Worry, frustration and anger are common afflictions in the Human Race. We have all suffered from these to varying degrees of severity and occlusion at many points in our struggle through existence. The worry…frustration…anger… pour out of us like Basil Fawlty trying to serve wine at dinner . We are the subjects to these feelings that rule over our being. We try to control the outpouring of emotion that seems unbearable at times and find it difficult to rein in the strong antagonism we have towards the objects of this debilitating affliction. These emotions are often futile in the face of these objects and the futility is more pronounced depending on who or what the object is.
The person that we emotionally beat up the most is ourselves. Of course we do. We spend 24 hours a day together and often get frustrated by our weaknesses, failures and foibles. Our own selves are the easiest objects to reason with, to modify the focus of our anger, as subject and object are one and the same, ensuring instant dialogue and correction of behaviour. As every human knows, learning from our mistakes is easier said than done and talking to ourselves can be difficult especially out loud and when meeting our in-laws.
However, it is easier to change our own behaviour than that of others. The most willing and able to listen are friends and family members, especially our own children, although most parents may heartily disagree. If the actions of someone close to us are upsetting then we can confidently discuss our feelings with them or, as a last resort, remonstrate with them. This is more difficult than a dialogue with ourselves as we are trying to interfere in another’s way of thinking and being for our own benefit. This is easy if you happen to share a common motive or purpose at that point in time, but more worry can be caused if our emotional wires become crossed and fuses (as well as chances) are blown after a heated discussion.
This mismatch is more pronounced when strangers worry us. They obviously do not know our sensibilities and through their ignorance of our wants and needs they may further antagonise us. They are, more often than not, as approachable as a pitbull with a migraine at a drum and bass convention. They can’t or won’t listen to advice on how to stop hurting us in this way. These people are at best strangers to our emotions, having a different outlook on life. At worst they could just be plain malevolent with only their own interests at heart and uncaring of who they upset in the process.
An even more mysterious and frustrating object of our anger is the invisible stranger: the sneak thief, the vandal, the litterbug. The unidentified villain. This elusive soul is not even there to hear our vehement ministrations, let alone able to be counselled in their behaviour. The only advantage is that these people almost never cross our paths, making such types of frustrating worry rare. The worry seems more intense though, as we cannot even visualise them. Not even to put up a photo of them on a dartboard. We just have to let the authorities, or cape wearing vigilantes, to catch up with them and let Madame Justice get her sword and scales out.
Having been stung by bees and nettles and bitten by mosquitoes, the plant and animal kingdoms provide us with another source of frustration. These pests are even further removed from our sensibilities due to the vast differences in our genomes. Even a 4% difference between us and chimpanzees poses a problem especially if we are laying out fine bone china. These living things work on inherent natural instinct and cannot easily modify their behaviour without months of training by Pavlovian conditioning or even elaborate trellis work. There’s no chance of this with simpler organisms such as bacteria and viruses, who are not cut out to win Crufts. Most of the time we cure our anger by killing the offending creatures with a deft swat or NHS antibiotics. Until then, worrying is entirely futile as the offending beast would be impervious to human reason or choke chains.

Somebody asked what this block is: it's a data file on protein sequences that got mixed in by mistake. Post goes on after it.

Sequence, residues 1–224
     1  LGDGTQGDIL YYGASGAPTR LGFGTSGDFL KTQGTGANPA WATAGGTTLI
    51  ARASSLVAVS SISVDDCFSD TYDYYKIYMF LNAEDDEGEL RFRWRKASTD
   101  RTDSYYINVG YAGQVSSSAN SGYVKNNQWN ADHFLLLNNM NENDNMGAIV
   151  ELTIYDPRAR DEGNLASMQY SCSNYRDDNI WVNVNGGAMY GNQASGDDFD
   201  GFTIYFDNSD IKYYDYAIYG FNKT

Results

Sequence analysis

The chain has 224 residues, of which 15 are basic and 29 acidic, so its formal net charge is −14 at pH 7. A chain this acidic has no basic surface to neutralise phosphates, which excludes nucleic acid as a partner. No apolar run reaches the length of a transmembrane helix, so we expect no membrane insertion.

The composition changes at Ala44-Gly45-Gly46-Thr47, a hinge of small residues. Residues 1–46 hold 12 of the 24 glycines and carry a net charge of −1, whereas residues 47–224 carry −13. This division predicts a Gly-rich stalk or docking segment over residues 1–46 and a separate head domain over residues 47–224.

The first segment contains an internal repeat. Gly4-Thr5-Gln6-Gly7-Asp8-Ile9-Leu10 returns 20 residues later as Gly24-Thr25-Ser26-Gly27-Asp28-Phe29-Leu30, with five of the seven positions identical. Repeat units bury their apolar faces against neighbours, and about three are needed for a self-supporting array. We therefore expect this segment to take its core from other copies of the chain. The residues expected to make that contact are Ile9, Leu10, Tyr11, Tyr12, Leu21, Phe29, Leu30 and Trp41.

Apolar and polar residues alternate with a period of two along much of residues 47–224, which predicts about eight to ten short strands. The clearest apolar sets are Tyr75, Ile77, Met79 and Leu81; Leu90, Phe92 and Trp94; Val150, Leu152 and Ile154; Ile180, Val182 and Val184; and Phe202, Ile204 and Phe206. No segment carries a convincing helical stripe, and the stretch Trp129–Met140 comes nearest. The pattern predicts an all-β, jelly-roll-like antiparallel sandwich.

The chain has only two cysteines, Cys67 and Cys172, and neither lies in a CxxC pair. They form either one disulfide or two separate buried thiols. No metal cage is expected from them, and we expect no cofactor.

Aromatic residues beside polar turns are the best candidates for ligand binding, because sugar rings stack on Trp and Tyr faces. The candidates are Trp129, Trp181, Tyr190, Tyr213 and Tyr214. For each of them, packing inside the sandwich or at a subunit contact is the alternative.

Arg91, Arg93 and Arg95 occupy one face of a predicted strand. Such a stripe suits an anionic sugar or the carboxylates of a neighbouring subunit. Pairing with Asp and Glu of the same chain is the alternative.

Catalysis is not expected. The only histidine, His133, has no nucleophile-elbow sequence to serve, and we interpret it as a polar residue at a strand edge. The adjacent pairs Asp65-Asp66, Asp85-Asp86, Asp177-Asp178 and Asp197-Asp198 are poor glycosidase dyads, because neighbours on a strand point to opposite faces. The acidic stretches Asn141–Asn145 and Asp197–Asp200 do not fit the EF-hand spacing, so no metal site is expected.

Inanimate objects are even more frustrating than living beings at times. They thoughtlessly leap out from their place on Earth and beg us to stub our toes on them. Shelves, low lintels and light fittings suddenly appear to plead contact with our swollen heads. These objets d’annoyance cannot be trained or reasoned with making our anger almost entirely futile. The only recourse would be to move the pain inducing artefact out of harm’s way or to watch where we’re bloody going for a change.
The final, and some of the most popular, objects of our bottomless anger…frustration…worry are forces of nature: the Sun, Moon, the weather, planets, stars, the future, the past, God (other deities may be available; or not). We subconsciously have conflicts with nature constantly in our emotionally charged lives.
“Ooh, my sunburn smarts”
“The tides are too high for swimming”
“What has happened to the British summer?”
“Mercury is in Virgo and playing merry hell with my piles”
“I’ll never get married any time soon”
“What have I done to deserve this, [insert name of preferred deity here]?”
These forces and concepts are so far removed from us and so powerful that we are like Lilliputians vying for the soup tureen at a Harlem Globetrotters’ reunion dinner. We are specks on a massive planet in an infinitely more massive universe. Why do we worry about such things we have no control over? At least the previous culprits are forces to be reckoned with.
Why shake our fists at the moon? Why fight this losing battle with nature and those around us? Stop looking outside ourselves for someone or something to blame our woes on. They will not or cannot listen. Shut them out, look inside ourselves and deal with the rage inside. We will listen. We will learn as we learned to tie our shoelaces or never to eat avocados.
Let’s leave the moon alone, put those fists in our pockets and relax.